Norway's gaps in learning outcomes between children of advantaged and disadvantaged families are substantial, despite its generous welfare system. Research shows unequivocally that high-quality early-childhood preschool programs can have substantial impacts on children's learning trajectories.
Norway may be missing a key opportunity to close the gaps between children of advantaged and disadvantaged families. This is because the learning framework of Norwegian daycare centers (Early Childhood Education and Care, ECEC) does not reflect international empirical evidence from the early childhood education literature linking key curricular foci to successful child development.
Cultivate key school readiness skills
Our project aims to understand whether Norwegian daycare centers can improve children's developmental trajectories by more systematically cultivate key school readiness skills known to promote future learning. To do so, we will design and implement a randomized field experiment in which we offer five-year-olds at Norwegian daycare centers a school readiness intervention program.
The development of the intervention program will be done in collaboration with Norwegian daycare teachers. The intervention program will cultivate four sets of school readiness skills – self-regulation, interpersonal, vocabulary and numeracy skills – which numerous studies have identified as foundational for future learning and development.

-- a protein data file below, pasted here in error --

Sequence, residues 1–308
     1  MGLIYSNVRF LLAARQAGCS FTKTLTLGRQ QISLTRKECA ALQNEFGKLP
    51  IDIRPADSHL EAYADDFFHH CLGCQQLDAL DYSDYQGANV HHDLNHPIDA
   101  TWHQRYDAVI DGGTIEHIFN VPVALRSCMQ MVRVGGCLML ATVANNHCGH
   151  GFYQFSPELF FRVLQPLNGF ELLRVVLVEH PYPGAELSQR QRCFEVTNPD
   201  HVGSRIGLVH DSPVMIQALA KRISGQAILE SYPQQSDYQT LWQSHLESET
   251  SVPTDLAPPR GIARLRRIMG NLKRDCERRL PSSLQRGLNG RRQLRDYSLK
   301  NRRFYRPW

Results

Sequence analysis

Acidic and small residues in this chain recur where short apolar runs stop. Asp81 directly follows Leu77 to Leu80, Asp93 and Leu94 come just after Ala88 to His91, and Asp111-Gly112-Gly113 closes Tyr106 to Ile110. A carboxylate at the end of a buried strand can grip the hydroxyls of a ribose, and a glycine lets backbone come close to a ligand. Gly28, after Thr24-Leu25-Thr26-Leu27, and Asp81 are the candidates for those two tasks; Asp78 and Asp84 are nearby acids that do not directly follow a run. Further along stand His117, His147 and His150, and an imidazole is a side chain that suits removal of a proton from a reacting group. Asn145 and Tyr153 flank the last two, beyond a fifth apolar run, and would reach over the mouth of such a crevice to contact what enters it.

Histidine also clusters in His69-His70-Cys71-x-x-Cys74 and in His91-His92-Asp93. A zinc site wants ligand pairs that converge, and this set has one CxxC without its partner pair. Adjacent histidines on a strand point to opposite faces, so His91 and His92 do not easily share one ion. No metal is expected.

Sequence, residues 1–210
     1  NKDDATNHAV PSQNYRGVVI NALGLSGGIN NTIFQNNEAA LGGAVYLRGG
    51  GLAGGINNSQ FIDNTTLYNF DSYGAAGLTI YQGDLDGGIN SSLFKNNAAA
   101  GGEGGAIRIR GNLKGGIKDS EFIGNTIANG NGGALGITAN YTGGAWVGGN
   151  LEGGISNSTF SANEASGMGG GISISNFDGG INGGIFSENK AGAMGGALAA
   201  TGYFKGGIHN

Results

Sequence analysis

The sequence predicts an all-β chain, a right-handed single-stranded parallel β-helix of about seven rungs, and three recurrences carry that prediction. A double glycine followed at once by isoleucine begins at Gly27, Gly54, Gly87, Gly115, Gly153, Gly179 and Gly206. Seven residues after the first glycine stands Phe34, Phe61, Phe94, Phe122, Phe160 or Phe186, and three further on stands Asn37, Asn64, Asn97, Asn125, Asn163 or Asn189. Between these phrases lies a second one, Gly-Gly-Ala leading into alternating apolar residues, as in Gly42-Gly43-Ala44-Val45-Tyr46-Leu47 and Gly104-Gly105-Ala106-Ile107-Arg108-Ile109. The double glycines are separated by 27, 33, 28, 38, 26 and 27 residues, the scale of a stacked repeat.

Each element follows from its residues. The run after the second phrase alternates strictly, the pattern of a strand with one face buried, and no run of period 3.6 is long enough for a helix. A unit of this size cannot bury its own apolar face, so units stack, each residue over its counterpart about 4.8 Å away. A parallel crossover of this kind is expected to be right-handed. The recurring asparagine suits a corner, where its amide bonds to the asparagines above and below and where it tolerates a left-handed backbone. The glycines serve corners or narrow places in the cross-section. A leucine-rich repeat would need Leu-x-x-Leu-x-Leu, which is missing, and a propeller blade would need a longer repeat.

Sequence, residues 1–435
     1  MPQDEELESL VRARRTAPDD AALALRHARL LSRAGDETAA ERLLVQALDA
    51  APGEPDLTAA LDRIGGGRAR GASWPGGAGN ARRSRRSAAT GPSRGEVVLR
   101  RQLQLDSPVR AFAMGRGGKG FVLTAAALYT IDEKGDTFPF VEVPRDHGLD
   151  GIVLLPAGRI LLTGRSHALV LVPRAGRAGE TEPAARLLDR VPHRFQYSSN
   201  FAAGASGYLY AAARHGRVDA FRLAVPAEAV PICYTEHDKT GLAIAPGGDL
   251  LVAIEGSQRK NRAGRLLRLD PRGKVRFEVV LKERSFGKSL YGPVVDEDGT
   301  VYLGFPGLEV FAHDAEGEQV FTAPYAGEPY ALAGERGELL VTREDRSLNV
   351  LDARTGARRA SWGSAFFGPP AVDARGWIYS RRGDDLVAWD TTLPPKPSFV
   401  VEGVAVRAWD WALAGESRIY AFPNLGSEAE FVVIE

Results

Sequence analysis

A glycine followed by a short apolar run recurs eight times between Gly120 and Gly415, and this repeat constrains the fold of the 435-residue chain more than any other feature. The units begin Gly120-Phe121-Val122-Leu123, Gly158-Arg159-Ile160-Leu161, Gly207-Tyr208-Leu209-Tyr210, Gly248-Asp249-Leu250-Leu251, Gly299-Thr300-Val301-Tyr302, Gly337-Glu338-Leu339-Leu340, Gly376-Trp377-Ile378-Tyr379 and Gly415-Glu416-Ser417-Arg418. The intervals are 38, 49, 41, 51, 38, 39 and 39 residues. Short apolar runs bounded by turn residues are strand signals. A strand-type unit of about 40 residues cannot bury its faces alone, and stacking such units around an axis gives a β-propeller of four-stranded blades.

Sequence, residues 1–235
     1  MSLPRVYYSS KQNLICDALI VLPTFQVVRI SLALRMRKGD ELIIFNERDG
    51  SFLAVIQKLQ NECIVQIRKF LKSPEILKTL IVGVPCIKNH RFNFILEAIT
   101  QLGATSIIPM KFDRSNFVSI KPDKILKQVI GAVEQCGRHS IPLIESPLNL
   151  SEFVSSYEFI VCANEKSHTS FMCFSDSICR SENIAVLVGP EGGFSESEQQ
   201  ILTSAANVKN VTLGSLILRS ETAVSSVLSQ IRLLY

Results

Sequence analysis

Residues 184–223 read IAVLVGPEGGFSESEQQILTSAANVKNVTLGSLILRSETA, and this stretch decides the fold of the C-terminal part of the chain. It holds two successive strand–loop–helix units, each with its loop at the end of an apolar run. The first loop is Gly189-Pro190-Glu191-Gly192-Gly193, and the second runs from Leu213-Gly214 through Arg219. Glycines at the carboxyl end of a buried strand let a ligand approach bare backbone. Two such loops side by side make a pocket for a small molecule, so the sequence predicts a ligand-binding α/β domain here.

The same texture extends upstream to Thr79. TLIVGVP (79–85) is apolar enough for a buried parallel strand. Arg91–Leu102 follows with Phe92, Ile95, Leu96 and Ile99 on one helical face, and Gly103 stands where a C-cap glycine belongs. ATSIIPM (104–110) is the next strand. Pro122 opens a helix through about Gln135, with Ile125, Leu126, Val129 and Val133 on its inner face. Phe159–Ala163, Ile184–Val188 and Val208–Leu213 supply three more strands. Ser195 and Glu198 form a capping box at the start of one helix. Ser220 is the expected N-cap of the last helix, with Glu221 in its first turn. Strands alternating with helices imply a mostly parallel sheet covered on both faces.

About 100 daycare centers will participate in the field experiment, with 50 randomly selected centers in the treatment group.
School readiness for all children
We will examine program effects by assessing children's skills with official mapping tests in first grade and more intensive measuring instruments utilized both at the end of day care and at the end of first grade. Important questions are: Can a more systematic cultivation of self-regulation, interpersonal, vocabulary and numeracy skills of five-year-olds in Norwegian daycare centers improve these children's success in the transition to formal schooling? Is the program particularly beneficial for children from disadvantaged families?